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Tim Myers: Everyone is willing to spend someone else's money

Myers' Musings

Posted: February 7, 2009 10:29 p.m.
Updated: February 8, 2009 4:55 a.m.
 
I believe I attended my last State of the City meeting in 2004. These luncheons constituted an opportunity for local elected officials to "speechify" concerning the many predictable accomplishments of the year, from new roads to shiny new recreation facilities.

But my favorite time always related to questions from the floor for the mayor and the city manager.

During this particular luncheon, a well-coifed, slender soccer-mom type stood and wondered aloud if the city could step in and restore the recently canceled Newhall Land and Farming Company-sponsored street art festival at the Westfield Valencia Town Center Mall.

I knew from reliable sources that Newhall Land subsidized the festival to the tune of about $750,000 per year. Attendance over the weekend event may have increased normal traffic at the mall by 20,000 people, meaning that Newhall Land paid nearly $40 for each incremental attendee - the price of a balcony seat to "Wicked" at the Pantages Theatre. (A nice event, but not "Wicked.")

This struck me then as it strikes me now: Just like the most hardcore welfare family, the well-heeled of suburbia sure do like to get free stuff, and they never really think of the cost, particularly when payment comes from someone else.

Fast forward to 2009 as College of the Canyons struggles to maintain its Performing Arts Center, and the recent dustup concerning the requesting of dissolution of the memorandum of understanding, or MOU, between COC and the city of Santa Clarita.

Just the latest in the saga of the Performing Arts Center from a dodgy "sponsorship" for naming rights to speakers' series that literally no one attended.

During the initial building of the Performing Arts Center, Santa Clarita contributed some $2.4 million, basically used to convert the center into a 886-seat venue from the original plans of approximately 700 seats, making it larger than the Hart High School auditorium, which seats some 700.

In exchange for this capital investment, the city executed an MOU requiring the college to "hold" one-third of weekend dates for community activities.

Now I sense some confusion in local blogs and the general public concerning the terms of this held use.

COC does not provide the venue to community groups for nothing; it just agrees to hold one-third of the dates for community groups. The groups still must pay the tariffed charge for usage.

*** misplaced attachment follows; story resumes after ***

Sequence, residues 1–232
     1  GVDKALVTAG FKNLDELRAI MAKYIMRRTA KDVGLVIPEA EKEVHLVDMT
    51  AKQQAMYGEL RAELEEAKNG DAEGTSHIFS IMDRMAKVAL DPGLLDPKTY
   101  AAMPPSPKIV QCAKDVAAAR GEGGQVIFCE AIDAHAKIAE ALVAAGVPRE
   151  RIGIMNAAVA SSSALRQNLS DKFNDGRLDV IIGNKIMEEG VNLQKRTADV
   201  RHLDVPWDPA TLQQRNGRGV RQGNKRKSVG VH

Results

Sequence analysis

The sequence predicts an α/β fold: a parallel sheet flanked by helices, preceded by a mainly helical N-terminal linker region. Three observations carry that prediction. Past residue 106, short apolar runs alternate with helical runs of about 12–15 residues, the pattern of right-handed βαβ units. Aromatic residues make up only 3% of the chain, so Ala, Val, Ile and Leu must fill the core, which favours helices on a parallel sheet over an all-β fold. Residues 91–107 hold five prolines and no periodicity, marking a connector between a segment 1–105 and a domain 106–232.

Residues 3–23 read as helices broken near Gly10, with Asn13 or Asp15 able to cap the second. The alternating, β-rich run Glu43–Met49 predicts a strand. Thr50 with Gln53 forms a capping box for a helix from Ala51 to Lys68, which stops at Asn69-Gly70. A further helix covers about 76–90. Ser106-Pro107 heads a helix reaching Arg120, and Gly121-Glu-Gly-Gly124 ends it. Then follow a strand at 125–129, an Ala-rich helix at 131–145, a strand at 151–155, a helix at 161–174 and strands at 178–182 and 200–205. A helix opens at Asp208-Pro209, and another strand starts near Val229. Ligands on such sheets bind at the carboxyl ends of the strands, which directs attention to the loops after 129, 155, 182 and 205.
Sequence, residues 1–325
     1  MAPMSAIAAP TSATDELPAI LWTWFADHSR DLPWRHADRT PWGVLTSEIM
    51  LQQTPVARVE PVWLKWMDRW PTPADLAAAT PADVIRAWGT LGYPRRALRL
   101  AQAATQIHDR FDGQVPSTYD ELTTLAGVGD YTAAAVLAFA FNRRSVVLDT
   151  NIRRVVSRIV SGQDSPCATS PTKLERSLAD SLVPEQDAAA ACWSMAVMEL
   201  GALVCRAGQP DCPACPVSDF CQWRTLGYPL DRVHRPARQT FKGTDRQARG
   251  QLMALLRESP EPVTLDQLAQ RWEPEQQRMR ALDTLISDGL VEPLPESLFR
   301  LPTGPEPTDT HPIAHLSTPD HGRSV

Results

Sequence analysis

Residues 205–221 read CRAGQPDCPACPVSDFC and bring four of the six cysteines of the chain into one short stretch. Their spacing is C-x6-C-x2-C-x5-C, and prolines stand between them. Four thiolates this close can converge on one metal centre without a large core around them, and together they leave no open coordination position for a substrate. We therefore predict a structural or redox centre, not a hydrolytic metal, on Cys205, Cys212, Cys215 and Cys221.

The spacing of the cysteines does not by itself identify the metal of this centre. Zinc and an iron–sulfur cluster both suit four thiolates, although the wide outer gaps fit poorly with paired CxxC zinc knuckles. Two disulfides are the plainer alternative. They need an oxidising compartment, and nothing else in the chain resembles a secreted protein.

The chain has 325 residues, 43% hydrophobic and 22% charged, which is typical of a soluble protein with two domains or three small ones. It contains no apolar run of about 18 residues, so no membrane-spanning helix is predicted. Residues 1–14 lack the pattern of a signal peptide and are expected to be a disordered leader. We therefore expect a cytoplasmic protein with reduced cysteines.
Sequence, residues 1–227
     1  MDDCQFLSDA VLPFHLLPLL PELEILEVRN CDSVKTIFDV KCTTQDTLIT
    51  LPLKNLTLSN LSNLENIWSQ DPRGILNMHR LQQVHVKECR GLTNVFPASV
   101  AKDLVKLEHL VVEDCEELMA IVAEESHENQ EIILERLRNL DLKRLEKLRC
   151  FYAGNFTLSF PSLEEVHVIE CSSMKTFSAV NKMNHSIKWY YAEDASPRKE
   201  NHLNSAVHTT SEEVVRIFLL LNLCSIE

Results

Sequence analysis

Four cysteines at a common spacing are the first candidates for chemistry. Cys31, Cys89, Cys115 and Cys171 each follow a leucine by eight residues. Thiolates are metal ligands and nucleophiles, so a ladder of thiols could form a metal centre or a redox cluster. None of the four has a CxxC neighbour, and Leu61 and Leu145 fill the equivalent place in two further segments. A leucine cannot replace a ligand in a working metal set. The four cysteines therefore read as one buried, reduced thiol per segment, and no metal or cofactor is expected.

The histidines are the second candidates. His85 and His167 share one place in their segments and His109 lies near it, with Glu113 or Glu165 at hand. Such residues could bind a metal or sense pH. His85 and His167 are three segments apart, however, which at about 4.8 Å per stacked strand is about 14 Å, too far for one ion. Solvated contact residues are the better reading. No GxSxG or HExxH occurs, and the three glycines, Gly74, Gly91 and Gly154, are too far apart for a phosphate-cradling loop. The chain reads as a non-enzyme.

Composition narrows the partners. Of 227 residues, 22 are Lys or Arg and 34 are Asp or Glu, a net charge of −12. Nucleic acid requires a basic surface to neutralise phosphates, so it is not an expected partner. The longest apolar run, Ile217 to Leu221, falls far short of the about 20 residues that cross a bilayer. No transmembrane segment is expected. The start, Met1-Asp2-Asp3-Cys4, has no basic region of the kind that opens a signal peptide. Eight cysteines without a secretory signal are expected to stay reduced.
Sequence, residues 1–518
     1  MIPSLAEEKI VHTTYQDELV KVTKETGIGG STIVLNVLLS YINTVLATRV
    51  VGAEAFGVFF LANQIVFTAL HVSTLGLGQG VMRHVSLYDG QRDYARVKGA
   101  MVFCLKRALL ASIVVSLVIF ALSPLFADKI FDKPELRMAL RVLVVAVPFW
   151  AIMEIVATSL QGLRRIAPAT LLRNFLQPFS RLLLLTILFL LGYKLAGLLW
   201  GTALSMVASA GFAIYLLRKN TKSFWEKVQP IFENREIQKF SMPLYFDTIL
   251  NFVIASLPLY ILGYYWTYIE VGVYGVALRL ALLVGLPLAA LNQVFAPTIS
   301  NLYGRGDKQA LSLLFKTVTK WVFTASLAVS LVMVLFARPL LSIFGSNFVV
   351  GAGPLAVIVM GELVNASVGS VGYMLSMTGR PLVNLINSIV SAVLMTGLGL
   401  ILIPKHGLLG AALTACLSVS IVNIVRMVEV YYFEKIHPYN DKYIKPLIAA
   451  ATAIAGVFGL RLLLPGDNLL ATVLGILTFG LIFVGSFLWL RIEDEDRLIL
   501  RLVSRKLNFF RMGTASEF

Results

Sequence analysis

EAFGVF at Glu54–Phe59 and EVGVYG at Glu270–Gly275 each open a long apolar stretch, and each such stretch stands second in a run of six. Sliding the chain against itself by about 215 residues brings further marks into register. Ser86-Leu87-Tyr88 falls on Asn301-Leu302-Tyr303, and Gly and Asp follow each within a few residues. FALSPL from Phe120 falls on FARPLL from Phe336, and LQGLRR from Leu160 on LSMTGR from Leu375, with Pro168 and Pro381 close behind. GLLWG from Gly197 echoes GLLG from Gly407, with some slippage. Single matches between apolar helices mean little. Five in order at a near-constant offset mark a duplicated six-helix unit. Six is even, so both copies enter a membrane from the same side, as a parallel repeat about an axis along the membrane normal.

Now let us examine some numbers (theoretical and not actual) to illustrate the point. Assume the maintenance, utilities and any other costs to carry of the PAC, run to $520,000 per year (this makes the arithmetic easy).

This means that while setting its budget, COC needs to collect about $10,000 per week in usage fees to break even and make the PAC self-sustaining.

COC must also generate nearly all the money from weekend engagements in this sleepy suburban enclave, since the Performing Arts Center stays dark for most of the week.

Now COC needs to set aside 17 weekends for community groups pursuant to the MOU. Let us say college officials decide to provide the community groups a discount equivalent to 20 percent, or a weekend usage rate of $8,000.

To break even, COC must now charge $11,000 to non-community groups and fill every weekend in the calendar.

But this did not occur. Chancellor Dianne Van Hook reported that one-third of the dates held for community groups went dark - the subsidized price tag still much higher than the comparable venues of the Hart auditorium and the Valencia High School theater.

These weekends of lost revenue run up quickly to a deficit of nearly $50,000, or 10 percent of our theoretical operating budget.

Remember, because the MOU provides for the freezing of these dates, COC must make up the deficit by either charging more to other users of the facility (difficult in this or frankly any other economy) or making up the shortfall out of its own funds.

The individual equivalent of this arrangement would look something like a dual employment situation - one that requires people to make themselves available for work four months out of the year, perhaps at a lower wage, and then additionally not actually providing employment because the employer deems the services unnecessary.

Now would that slender soccer mom, TimBen Boydston, Joan McGregor or any of the other cast at the City Council chambers screaming for the maintenance of the MOU tolerate that in their own personal lives?

I think not, but in suburbia no one feels shy about dipping their hands into someone else's pocket.

Tim Myers is a Valencia resident. His column represents his own views and not necessarily those of The Signal.

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